Rivers reflects on past five years
"Oh, it's been the best. It's been a great ride," Rivers said at the team's annual tip-off gala Friday night. "And obviously the championship makes it better, but, honestly, it's the people. I've gotten to deal with great players, the town -- I always call Boston 'the town,' because of the people, the intensity of the fans. If you're in sports, and you can get into a situation like this, this is the one you want to be in."
The support Rivers has had and continues to have from the whole organization -- ownership, management, his players -- might very well be unparalleled. In a league that sees coaching changes on a regular basis, Rivers has been able to establish long-term security. Even after the likes of Paul Pierce and Kevin Garnett retire, assuming there are no drastic changes in ownership or management, this job could be Rivers' for as long as he wants it.
"Well it allows you to do your job," Rivers said of having support behind him. "It allows you to do your job in peace. The support from [Celtics president of basketball operations] Danny [Ainge] and the whole group has been unbelievable. Our relationship is the same as when I came in. That's unusual. Usually after two, three, or four years, you start not liking each other because you know each other too well. The more we know each other, [the more] we like [each other], so it's pretty good."
Not only has Rivers been one of the biggest witnesses to the Celtics' growth over the last decade, he's emerged as one of the key factors in it. His reputation among players throughout the league has helped the Celtics secure valuable free agents -- Jason Terry being the most recent example -- and those players find that he lives up to the hype. His current players often refer to him as a "future hall of fame coach," and "the best coach in the league," and two of the leagues premiere veterans in Paul Pierce and Kevin Garnett have seen their personal desires to return for more NBA action at the end of each season bolstered by Rivers' presence.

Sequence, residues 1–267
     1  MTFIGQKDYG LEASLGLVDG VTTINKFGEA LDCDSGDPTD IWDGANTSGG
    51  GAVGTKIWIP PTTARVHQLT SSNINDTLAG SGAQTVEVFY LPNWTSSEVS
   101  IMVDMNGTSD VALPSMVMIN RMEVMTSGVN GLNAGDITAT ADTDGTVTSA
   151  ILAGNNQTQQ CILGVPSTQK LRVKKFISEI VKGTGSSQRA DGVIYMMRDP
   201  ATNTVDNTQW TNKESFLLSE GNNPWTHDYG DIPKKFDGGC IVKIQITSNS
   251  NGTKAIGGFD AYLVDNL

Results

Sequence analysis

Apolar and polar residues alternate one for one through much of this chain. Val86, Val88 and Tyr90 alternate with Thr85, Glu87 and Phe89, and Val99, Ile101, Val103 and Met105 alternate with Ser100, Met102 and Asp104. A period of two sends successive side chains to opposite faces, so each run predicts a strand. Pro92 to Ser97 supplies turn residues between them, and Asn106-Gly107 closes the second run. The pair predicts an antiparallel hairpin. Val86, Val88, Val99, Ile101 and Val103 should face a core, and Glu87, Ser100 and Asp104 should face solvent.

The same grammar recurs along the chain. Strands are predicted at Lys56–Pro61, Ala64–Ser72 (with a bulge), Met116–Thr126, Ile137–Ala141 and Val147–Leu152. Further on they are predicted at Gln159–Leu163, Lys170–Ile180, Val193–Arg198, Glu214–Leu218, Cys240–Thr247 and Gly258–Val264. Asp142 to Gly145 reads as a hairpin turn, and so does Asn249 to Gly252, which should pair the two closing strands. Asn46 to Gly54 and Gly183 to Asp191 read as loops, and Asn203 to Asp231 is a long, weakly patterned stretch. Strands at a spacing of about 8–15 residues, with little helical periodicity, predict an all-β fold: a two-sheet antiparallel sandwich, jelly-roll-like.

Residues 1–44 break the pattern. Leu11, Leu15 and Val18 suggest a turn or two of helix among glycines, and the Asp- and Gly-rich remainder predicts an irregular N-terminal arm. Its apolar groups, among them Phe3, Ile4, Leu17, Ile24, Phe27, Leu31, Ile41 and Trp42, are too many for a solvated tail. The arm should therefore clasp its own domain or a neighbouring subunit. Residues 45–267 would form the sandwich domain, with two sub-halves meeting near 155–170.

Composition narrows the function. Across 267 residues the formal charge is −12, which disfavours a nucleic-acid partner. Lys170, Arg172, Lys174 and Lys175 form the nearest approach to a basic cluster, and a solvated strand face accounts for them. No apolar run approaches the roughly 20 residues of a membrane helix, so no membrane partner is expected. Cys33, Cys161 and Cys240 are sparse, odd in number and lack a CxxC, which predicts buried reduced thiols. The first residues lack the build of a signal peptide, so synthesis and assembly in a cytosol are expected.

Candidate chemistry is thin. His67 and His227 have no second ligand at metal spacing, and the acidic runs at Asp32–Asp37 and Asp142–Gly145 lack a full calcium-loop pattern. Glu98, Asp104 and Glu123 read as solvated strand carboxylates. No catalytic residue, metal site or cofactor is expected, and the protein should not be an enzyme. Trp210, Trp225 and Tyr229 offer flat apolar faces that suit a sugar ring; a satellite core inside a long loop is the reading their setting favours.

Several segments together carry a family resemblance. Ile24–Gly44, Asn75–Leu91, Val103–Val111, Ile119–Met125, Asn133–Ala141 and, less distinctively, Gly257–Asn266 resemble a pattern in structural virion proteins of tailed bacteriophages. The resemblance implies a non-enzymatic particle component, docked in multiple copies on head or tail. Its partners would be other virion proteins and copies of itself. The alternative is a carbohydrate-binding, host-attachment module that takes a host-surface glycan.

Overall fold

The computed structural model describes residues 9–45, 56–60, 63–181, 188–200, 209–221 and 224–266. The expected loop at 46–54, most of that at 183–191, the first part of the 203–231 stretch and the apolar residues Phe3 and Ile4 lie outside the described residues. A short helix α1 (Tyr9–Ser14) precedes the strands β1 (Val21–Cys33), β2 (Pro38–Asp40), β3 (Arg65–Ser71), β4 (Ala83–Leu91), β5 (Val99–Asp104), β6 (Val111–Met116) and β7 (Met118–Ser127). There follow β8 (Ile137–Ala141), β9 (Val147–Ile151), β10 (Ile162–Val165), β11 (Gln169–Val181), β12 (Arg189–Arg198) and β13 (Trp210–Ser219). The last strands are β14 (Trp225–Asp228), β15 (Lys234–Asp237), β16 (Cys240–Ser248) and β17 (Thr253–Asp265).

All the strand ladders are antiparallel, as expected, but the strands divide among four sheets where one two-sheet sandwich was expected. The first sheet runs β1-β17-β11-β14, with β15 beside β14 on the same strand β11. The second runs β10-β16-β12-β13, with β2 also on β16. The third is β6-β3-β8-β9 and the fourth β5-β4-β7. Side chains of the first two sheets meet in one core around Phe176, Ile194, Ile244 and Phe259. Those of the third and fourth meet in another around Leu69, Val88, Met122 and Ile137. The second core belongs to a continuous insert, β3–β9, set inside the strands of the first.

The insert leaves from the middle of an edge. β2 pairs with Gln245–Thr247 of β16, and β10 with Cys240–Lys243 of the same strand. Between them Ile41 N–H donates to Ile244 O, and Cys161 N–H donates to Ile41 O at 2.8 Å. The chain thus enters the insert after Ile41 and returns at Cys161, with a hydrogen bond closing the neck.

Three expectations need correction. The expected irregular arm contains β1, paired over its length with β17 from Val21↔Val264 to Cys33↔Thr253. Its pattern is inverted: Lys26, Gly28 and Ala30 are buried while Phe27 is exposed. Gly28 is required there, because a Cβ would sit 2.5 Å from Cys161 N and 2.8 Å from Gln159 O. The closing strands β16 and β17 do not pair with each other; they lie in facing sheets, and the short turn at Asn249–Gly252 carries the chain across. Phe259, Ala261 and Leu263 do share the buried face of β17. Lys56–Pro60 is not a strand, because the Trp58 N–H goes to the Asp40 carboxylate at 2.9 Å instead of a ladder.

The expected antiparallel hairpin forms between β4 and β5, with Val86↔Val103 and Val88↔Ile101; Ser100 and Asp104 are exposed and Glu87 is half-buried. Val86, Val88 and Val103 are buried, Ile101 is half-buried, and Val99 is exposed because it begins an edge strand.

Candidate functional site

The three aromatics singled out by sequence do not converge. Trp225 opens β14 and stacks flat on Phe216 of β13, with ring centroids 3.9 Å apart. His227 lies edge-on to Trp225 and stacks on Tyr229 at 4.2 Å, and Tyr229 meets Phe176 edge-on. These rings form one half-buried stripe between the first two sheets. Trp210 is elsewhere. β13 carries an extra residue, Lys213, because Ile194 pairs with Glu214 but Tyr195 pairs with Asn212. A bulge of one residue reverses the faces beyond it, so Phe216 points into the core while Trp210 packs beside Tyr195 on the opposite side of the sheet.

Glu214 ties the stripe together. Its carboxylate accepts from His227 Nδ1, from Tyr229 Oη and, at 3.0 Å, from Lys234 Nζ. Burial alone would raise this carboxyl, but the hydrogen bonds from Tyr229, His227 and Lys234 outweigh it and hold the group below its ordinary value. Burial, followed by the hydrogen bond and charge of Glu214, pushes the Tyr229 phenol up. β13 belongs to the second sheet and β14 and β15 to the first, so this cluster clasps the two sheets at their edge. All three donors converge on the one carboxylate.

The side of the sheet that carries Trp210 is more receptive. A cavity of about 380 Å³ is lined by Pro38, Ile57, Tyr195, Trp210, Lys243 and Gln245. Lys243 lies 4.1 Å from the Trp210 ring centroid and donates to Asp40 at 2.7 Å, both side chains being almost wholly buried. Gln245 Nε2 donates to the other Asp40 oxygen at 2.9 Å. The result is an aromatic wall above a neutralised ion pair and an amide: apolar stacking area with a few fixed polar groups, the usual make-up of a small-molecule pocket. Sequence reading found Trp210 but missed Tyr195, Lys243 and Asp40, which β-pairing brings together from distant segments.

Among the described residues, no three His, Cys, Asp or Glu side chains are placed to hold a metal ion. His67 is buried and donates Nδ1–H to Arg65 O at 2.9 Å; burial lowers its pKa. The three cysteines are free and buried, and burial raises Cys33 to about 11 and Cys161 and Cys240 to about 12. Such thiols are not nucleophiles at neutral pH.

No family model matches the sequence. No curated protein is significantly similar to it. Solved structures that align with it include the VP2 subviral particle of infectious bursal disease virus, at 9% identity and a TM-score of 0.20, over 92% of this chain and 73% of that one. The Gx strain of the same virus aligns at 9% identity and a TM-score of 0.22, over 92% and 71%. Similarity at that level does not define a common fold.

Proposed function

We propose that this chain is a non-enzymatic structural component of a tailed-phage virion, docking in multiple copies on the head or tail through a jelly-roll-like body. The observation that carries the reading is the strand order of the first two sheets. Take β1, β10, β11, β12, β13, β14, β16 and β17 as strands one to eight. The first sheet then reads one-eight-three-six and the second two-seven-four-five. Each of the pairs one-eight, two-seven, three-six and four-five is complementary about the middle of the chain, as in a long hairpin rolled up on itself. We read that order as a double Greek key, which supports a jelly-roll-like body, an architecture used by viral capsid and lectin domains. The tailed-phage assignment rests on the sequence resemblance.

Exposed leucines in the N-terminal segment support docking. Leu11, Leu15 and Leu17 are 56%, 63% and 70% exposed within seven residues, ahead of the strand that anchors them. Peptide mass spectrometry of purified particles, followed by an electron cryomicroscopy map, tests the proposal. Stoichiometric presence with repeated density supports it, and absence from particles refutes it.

Rivers acknowledges his relationships with Garnett and Pierce as two of his most favorite.
"It's more out of respect," said Rivers. "I respect who they are as people, I respect who they are as players, and the fact that they are where they are in their careers and they allow me to still coach them, and they're still open-minded about change, makes my job easy."
Rivers' relationship with his dynamic point guard, Rajon Rondo, is equally important to him, but different from those with Pierce and Garnett. He's coached Rondo since he entered the NBA in 2006, and has seen him evolve from a reserved player with potential into one of the league's premier point guards. Though they've butted heads on occasion, Rivers has enjoyed their journey.
"It's been great. Again, it's another guy that came in at 20, you got to work with him, and he's allowed you to work with him most of the time, sometimes not, and that's part of it though," Rivers said. "That is. That's with everyone, though. Unfortunately for Rondo, I think it's been talked about more, and I'm a point guard, he's a point guard, that never is easy for any point guard to play for me, but watching where he's at now, not only as a player, I like his growth off the floor. I think he's changed and I think he's changed for the better."
There's a lot for Rivers to like about his gig, but when asked to reveal his favorite part of the job, he didn't hesitate.
"Practice. As crazy as that sounds," Rivers said. "I really enjoy practice because a lot of great things happen in practice that a lot of people don't see -- arguments with players on the floor, watching them go back and forth, talking. And the growth of the young guys through the years -- [Kendrick] Perkins, I still talk to, Al Jefferson. So, all those guys -- Gerald Green, even -- I think as a coach you remember that as much as you remember any other thing."
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